Now I too believe in “god” and “truth” and “right” and value the American way of life. But since I’m not an ideologue…being in recovery from that malady…I see those words as being sounds we utter to refer to phenomena that lie beyond the grasp of words. “God”, for example, is a label we use to refer to that which is the Ungraspable, that dimension of life which we cannot wrap our head around but some of us feel very strongly is present…or Present…in this Mystery that we are encompassed by.

But my thought about God, as well as the rest of these thoughts and the whole of this blog posting, will be described as “straight from the pits of hell” by all idealogues as they cannot, or will not, handle ambiguity. They are horrified with the notion that life is dynamic, that there is a flow or fluidity to life as the notion threatens their illusion that they are in total control of their world. To understand this approach to life, to understand with the mind and with the heart, would require faith and there is no room in their heart for faith. Of course, they proudly announce that they have faith and they know that they that they do have faith because they know that they do. Our world has an object lesson in this blight on human consciousness with the Taliban, and now with Isis, and also the extreme right-wing of the American Republican party.

Yesterday offered extensive excerpts from a recent book that addresses this issue with its analysis of racism and bigotry. The book is, “The Bigot: Why Prejudice Persists“ by Stephen Eric Bronner.   The excerpt is entitled, “This is your brain on racism: Inside the mind of modern bigotry” and here is the link:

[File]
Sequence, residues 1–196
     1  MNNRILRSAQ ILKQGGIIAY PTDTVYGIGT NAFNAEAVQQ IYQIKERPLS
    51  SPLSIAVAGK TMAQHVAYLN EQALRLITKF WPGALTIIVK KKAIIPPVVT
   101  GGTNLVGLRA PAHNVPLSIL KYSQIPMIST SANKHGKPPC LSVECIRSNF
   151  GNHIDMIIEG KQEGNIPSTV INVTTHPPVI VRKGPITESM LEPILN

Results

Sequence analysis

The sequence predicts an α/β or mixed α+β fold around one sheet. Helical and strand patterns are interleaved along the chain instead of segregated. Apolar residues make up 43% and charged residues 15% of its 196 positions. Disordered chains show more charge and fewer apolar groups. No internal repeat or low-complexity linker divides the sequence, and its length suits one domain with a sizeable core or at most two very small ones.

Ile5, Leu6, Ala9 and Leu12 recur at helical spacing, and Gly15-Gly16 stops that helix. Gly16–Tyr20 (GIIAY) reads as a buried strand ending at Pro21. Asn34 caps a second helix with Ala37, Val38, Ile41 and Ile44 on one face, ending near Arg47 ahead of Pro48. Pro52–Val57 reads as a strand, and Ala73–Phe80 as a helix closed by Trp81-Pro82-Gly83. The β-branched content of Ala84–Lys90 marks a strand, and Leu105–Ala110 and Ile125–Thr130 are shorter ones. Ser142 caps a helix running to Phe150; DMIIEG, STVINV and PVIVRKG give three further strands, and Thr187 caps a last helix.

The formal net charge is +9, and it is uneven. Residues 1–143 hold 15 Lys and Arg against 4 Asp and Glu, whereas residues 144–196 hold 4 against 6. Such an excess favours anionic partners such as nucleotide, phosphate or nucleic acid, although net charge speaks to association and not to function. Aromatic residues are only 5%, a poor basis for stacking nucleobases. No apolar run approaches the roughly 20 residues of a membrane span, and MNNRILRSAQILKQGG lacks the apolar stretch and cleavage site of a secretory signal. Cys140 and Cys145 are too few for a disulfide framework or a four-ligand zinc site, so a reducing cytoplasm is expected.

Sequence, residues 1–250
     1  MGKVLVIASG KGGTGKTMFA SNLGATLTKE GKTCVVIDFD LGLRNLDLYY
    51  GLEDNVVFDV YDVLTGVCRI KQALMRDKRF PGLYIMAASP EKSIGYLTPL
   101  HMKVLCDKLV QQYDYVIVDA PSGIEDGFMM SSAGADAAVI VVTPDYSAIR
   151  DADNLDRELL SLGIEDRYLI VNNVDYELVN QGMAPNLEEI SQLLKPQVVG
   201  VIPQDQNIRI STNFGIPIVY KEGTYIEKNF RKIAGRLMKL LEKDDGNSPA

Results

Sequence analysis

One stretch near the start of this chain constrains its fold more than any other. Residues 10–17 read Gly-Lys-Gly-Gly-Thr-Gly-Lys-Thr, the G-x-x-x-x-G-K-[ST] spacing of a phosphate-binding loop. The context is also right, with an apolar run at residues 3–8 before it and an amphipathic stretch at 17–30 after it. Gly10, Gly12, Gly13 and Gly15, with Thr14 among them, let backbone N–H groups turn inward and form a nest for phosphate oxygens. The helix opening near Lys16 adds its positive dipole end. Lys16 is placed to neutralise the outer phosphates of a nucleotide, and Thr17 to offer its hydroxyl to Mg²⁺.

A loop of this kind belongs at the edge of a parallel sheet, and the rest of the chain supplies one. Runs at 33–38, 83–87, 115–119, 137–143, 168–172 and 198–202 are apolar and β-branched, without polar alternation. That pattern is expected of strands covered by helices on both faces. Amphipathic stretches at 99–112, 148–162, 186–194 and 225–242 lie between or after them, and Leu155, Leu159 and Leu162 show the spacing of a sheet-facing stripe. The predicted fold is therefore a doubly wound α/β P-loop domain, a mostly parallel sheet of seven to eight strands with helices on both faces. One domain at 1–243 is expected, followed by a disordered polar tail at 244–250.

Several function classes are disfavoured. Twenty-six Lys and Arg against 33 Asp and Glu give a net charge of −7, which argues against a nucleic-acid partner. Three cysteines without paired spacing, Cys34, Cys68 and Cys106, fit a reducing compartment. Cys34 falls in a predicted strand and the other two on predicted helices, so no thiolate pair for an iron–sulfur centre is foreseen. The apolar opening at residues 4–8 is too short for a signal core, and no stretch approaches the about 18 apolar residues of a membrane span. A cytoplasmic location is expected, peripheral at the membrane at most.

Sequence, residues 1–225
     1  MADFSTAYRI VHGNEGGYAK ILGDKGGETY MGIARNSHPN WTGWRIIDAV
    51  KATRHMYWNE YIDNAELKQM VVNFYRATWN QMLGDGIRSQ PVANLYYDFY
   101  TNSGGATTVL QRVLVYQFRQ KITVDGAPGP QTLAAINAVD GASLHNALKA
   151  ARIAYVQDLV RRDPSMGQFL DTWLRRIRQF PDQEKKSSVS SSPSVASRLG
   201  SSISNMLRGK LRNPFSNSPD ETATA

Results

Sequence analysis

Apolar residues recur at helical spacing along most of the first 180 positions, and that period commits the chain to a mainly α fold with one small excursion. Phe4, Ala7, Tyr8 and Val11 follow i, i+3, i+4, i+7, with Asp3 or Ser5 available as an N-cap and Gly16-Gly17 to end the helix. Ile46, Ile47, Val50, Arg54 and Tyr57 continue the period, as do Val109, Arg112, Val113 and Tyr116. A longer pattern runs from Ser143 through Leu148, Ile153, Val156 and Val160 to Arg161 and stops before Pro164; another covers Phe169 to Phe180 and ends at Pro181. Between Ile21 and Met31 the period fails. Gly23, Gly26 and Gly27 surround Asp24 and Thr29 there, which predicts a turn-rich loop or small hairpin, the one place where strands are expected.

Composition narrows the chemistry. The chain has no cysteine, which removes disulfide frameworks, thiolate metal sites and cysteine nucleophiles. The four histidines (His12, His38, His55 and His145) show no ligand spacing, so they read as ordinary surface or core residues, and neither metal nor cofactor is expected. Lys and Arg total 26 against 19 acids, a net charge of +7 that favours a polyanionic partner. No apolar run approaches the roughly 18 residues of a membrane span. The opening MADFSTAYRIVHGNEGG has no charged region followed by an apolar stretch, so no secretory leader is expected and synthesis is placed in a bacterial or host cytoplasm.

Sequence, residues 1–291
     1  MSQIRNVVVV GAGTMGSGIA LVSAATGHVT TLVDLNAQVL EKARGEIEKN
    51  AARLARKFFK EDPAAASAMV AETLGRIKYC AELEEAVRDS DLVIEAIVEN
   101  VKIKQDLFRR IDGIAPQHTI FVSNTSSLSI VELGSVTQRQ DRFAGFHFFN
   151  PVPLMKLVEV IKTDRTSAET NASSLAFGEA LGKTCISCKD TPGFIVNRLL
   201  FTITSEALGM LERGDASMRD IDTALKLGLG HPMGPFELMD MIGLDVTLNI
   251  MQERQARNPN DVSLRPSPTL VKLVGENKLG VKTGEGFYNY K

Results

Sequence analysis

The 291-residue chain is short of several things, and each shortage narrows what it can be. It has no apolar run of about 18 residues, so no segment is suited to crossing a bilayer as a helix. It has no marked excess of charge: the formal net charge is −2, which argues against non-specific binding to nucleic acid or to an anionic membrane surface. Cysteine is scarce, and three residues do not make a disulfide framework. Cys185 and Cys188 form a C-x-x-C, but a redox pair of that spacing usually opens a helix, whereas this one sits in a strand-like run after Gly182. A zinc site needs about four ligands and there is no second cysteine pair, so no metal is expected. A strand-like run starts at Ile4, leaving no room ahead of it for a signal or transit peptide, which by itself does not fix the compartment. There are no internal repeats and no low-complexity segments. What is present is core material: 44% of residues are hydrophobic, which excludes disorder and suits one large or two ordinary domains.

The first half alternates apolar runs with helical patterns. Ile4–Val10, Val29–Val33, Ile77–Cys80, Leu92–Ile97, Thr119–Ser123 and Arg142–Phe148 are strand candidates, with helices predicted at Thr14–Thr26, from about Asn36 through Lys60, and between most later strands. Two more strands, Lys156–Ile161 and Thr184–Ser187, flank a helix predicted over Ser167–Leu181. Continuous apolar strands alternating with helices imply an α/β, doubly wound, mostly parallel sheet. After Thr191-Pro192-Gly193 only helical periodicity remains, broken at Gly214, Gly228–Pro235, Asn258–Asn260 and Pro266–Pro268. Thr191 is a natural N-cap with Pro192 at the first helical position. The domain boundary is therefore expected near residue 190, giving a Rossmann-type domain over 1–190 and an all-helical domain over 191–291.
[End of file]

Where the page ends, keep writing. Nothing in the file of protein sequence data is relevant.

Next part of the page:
Here are some highlights in the excerpt that I want to share:

The bigot has always felt queasy about transforming the visible, the ineffable into the discursive, and the unknown into the known. Observation and evidence, hypothesis and inference, confirmation and validation are thus selectively employed by him to justify what Cornel West has termed “the discursive exclusion” of those who are different and what they have to offer.

(The bigot) is always primarily concerned with proving what he thinks he already knows. He insists that the answers to the problems of life have been given and he resents everything that challenges inherited wisdom, parochial prejudices, and what he considers the natural order of things.

Other than his prejudices, he has no core beliefs. The bigot likes it when his interests are being served, when people of color are exploited, but he dislikes it when he feels disadvantaged.

Competition is good when it works for him. When it doesn’t, the bigot will insist that his competitors are cheating—and that they cheat because it is a trait of their ethnicity, nationality, or race.”